One of the delights of urban and travel sketching is meeting new people. This man and I had a long chat, all about Belgrade, and then he kindly posed with my sketch of the river foreshore.
Monument of Gratitude to France (Serbian Cyrillic: Споменик захвалности Француској, Spomenik zahvalnosti Francuskoj) in Belgrade’s Veliki Kalemegdan Park was formally unveiled on 11 November 1930, the 12th anniversary of the end of the First World War, in the presence of King Alexander and Queen Maria, the royal government, the delegation of the French government, Serbian war veterans, distinguished citizens, associations, schools, and a large crowd of people.
It was noted as one of the first "public monuments on one national territory, where the perception of another (nation) is shown in positive light". It was declared a cultural monument in 1965, and a cultural monument of great significance in 1983.
I found it challenging to sketch: it’s a monumental and muscular piece of work.
St. Mark's Church or Church of St. Mark is a Serbian Orthodox church located in the Tašmajdan park in Belgrade, Serbia, near the Parliament of Serbia. It was built in the Serbo-Byzantine style by the Krstić brothers, completed in 1940, on the site of a previous church dating to 1835.
I sketched inside this church where my parents were married in 1947. I found it challenging to draw all those vaulted ceilings!
I sketched this couple early one evening as we sat outside the Majestik Hotel, enjoying the balmy weather.
I liked that this man was having such an animated conversation with his friends. Also, he was wearing a great hat. I sketched this in the Majestik Hotel lounge.
The Krušedol Monastery is a Serbian Orthodox monastery on the Fruška Gora mountain in the Syrmia region, northern Serbia, in the province of Vojvodina. The monastery is the legacy of the last Serbian despot family of Syrmia - Branković.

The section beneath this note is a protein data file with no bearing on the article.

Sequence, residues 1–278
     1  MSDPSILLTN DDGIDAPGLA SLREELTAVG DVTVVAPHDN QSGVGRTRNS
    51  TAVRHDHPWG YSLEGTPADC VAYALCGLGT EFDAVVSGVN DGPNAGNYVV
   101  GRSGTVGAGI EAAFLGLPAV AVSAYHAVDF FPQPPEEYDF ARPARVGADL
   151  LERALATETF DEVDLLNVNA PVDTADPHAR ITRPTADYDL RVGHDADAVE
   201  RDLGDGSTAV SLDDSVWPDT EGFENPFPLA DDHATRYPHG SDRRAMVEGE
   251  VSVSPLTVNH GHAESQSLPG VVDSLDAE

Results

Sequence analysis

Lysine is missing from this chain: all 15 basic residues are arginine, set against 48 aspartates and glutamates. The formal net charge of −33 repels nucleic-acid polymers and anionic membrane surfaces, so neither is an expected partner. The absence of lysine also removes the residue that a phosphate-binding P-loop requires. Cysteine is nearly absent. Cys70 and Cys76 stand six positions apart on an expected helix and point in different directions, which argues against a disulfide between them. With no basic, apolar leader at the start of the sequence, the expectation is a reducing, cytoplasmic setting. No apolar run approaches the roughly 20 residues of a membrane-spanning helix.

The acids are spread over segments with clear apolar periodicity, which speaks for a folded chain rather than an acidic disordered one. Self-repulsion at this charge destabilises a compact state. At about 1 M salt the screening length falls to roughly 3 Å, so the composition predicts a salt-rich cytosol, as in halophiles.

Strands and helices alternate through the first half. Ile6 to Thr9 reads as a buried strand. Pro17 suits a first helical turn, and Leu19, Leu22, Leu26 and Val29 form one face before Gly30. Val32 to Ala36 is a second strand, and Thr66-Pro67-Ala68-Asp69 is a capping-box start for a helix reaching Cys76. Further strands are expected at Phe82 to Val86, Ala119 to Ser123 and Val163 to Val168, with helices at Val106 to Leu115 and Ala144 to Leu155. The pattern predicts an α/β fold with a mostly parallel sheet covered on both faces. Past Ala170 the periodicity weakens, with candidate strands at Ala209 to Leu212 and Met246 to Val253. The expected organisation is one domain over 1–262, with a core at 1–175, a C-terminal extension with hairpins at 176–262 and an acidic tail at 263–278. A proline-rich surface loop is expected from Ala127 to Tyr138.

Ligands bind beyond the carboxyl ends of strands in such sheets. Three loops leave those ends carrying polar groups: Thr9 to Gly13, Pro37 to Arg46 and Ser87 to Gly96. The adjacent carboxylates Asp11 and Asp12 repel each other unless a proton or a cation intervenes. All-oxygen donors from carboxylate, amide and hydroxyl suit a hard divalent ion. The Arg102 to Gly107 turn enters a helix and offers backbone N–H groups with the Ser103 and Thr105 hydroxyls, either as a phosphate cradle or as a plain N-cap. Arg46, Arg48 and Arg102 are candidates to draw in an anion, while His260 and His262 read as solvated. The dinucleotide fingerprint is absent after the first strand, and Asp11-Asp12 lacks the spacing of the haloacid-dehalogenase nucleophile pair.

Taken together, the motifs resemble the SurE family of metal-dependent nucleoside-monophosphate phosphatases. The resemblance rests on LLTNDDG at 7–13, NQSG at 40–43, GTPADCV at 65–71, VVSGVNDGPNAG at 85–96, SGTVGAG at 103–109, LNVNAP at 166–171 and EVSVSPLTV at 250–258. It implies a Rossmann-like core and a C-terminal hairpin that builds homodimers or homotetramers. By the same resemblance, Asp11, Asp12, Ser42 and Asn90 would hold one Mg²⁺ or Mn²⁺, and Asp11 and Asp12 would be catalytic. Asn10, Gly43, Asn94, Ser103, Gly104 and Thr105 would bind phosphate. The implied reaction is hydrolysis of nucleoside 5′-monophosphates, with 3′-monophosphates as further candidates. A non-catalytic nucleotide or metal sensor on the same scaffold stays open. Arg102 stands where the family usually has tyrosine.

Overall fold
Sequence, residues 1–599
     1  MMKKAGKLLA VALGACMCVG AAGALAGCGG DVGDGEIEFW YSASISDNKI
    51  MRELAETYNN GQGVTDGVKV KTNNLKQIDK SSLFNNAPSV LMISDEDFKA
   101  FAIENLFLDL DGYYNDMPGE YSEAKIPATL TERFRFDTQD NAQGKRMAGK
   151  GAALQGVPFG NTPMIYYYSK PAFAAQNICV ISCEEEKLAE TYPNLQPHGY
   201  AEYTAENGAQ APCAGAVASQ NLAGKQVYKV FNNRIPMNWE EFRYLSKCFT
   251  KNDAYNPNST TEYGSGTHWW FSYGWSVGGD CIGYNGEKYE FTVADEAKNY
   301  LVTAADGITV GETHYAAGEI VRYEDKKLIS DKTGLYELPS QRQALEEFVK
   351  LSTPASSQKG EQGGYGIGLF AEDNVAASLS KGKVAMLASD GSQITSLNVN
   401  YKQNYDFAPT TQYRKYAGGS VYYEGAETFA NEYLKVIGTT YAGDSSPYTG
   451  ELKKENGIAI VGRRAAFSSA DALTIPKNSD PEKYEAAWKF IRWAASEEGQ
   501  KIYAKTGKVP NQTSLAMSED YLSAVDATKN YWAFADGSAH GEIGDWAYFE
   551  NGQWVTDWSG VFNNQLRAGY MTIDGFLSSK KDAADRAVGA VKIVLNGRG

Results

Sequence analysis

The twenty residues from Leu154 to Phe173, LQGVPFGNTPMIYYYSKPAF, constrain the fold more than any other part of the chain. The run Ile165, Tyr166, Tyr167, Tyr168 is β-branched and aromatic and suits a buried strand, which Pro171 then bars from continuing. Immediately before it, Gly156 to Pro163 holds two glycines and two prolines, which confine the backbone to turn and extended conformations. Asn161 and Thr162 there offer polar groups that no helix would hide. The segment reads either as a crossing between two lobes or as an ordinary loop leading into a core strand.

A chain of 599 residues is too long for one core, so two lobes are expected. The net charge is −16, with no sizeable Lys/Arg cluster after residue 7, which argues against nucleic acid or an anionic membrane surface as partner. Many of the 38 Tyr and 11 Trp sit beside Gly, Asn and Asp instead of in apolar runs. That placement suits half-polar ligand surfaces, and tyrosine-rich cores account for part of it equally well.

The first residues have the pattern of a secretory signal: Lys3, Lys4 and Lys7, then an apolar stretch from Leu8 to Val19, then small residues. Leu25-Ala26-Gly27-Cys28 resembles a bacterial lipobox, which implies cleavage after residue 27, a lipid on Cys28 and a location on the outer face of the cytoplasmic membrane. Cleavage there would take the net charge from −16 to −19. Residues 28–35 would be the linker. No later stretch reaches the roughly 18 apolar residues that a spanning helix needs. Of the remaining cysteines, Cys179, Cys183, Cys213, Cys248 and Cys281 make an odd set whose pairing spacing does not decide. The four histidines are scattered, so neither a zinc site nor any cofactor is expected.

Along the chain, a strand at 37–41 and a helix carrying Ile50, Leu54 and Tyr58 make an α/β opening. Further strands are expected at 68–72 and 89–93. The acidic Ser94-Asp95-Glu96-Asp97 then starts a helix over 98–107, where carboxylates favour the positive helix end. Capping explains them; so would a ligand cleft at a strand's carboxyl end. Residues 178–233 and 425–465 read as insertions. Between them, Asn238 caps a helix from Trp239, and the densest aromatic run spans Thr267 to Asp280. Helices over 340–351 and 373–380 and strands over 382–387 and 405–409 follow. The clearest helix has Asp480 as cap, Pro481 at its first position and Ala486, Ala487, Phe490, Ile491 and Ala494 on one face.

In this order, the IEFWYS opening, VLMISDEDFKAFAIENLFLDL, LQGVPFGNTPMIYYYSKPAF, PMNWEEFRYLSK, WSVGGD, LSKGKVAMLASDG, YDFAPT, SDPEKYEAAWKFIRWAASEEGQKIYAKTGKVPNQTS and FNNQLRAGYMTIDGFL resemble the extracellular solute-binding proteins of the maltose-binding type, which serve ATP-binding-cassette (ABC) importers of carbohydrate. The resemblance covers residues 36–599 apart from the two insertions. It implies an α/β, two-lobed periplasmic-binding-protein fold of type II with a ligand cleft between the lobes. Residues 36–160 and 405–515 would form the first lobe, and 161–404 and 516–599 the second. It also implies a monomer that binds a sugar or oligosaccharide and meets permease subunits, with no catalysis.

We weren’t allowed to take photos inside the church, so I stood and sketched the altar very quickly.
Any time of the day, at most cafes in Belgrade, people will be sitting, chatting, drinking coffee or a cold drink, smoking cigarettes - and watching the world go by. I sketched these two ladies one fine evening sitting at the outdoors Majestik Hotel cafe.
The Majestik Hotel waiters were superb: helpful, efficient, polite and - those with whom I spoke - charming. I sketched Nenad, one of them, in tribute to the great service they gave me during my stay at the Majestik Hotel.
This is ‘my’ house, where I’ve spent 4 of the 5 trips I’ve made to Montenegro.
The house was built in 1912 by a Viennese architect. It is right on the beach front, just a short step away from the beach. I rent the upstairs, which consists of three bedrooms, a living room, a kitchen, bathroom and balcony. This space has remained relatively unchanged since ‘gospodin Djukic’ passed away more than 15 years ago. My mother and aunt used to board there when they went to Montenegro, so the house has special significance for me. These days I enjoy the company of the Djukic family and friends.
I spent a few hours sitting on this balcony overlooking the sea in Tivat.
Every year since 2008 that I’ve been to Montenegro, I’ve caught Buda’s boat trip to Gospa od Skrpjele, Perast and Kotor